# Torque Confidence Testing (Non-normal Distribution)

R

#### Rob C

greetings all!

I have a torque process that we are qualifying. i have 30 samples that have been tested and the distribution is non-normal.
the test is to establish a 99% confidence that failure would not occur until >5 turns.
we experienced no failure <=5 turns. but the distribution is skewed toward the limit.

can anyone suggest a model or method to determine the confidence level?
thanks,

#### bobdoering

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If you can post the data (in an Excel spreadsheet is especially handy), it would greatly allow us to assist.

R

here's the data

thanks
Rob C

#### Attachments

• torque data.xls
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#### Tim Folkerts

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This sounds like a typical application of reliability engineering.

In reliability engineering, the Weibull Distribution is a commonly used instead of the normal distribution precisely because it can fit skewed, non-normal data.

There is lots of information on the web about Weibull analysis. A good website is https://www.weibull.com/basics/lifedata.htm They sell software, but they also have a lot of good information.

And I always recommend the NIST Engineering Statistics Handbook. They have quite a bit of info on reliability at https://www.itl.nist.gov/div898/handbook/apr/apr.htm, including discussion of Weibull analysis.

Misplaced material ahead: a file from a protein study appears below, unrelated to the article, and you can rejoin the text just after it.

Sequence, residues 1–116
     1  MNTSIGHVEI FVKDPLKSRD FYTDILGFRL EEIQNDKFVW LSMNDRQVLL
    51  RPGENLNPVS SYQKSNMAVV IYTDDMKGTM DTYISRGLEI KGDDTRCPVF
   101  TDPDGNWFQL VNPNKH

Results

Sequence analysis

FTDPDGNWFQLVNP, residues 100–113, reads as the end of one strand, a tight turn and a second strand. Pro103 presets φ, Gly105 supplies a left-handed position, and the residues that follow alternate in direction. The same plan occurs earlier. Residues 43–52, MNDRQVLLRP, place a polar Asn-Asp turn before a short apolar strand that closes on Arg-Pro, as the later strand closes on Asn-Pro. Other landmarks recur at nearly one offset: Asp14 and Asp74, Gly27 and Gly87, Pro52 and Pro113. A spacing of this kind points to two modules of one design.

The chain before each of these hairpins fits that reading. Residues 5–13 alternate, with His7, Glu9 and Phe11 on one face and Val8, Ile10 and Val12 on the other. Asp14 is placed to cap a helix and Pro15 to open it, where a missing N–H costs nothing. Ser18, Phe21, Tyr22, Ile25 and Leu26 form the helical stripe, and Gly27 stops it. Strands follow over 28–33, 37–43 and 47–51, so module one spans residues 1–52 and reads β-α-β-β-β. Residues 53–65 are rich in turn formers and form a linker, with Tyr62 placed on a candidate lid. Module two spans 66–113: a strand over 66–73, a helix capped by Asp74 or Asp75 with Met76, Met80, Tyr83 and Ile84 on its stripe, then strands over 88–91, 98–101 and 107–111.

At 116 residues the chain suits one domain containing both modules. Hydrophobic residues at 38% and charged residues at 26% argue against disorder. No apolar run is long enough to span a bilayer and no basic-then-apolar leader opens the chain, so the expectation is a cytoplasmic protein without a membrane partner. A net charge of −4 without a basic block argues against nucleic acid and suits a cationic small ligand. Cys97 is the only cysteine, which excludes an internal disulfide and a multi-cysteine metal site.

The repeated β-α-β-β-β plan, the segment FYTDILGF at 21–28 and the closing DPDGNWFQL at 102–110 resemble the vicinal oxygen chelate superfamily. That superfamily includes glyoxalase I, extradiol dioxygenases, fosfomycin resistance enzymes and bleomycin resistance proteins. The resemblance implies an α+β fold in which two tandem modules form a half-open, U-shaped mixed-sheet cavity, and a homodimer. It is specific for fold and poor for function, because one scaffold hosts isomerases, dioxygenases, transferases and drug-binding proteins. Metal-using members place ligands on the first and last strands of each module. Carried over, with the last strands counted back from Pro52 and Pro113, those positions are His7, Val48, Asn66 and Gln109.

Tim F

P.S. if you post the data, there is a good chance someone will take a look at it.

#### bobdoering

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I have attached the 'best fit' distribution data from your data. I used my favorite program - Distribution Analyzer from Taylor Enterprises (www.variation.com)

#### Attachments

• data.doc
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#### Tim Folkerts

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One more question.... Are the numbers listed the next higher number from when it failed? For example, if the failure is listed at "7", I am guessing that means it survived 6 turns, but failed some time before the 7th turn? As opposed to "7" meaning sometime between 6.5 turns and 7.5 turns.

I ran the numbers thru Minitab and found that the 3-Parameter Weibull, the 3-Parameter Lognormal, and the 3-Parameter Loglogistic all fit quite well.

The results are listed below (in a format that is unfortunately a little hard to read). The bottom line is that 1% of the parts are predicted to fail after 5.07, 5.31, and 5.22 turns for he three different models. Unfortunately, the lower confidences limits for the 1% failure time is 4.95 turns. So you couldn't be 95% confident that 99% would survive 5 turn.

At least, that is how I interpret the results....

Goodness-of-Fit

Anderson-Darling Correlation
3-Parameter Weibull 0.665 0.954
3-Parameter Lognormal 0.757 0.979
3-Parameter Loglogistic 0.754 0.986

Table of Percentiles

Standard 95% Normal CI
Distribution Percent Percentile Error Lower Upper
3-Parameter Weibull 1 5.06815 0.313992 4.95 5.72249
3-Parameter Lognormal 1 5.30569 0.620517 4.95 6.67256
3-Parameter Loglogistic 1 5.22087 0.287229 4.95 5.81530

3-Parameter Weibull 5 5.35177 0.250414 4.95 5.86578
3-Parameter Lognormal 5 5.57592 0.424557 4.95 6.47333
3-Parameter Loglogistic 5 5.54601 0.227759 5.11710 6.01087

3-Parameter Weibull 10 5.63980 0.240373 5.18781 6.13116
3-Parameter Lognormal 10 5.79599 0.319429 5.20254 6.45712
3-Parameter Loglogistic 10 5.80170 0.222758 5.38113 6.25515

3-Parameter Weibull 50 7.78835 0.485794 6.89211 8.80114
3-Parameter Lognormal 50 7.39866 0.458349 6.55271 8.35382
3-Parameter Loglogistic 50 7.38317 0.370192 6.69212 8.14559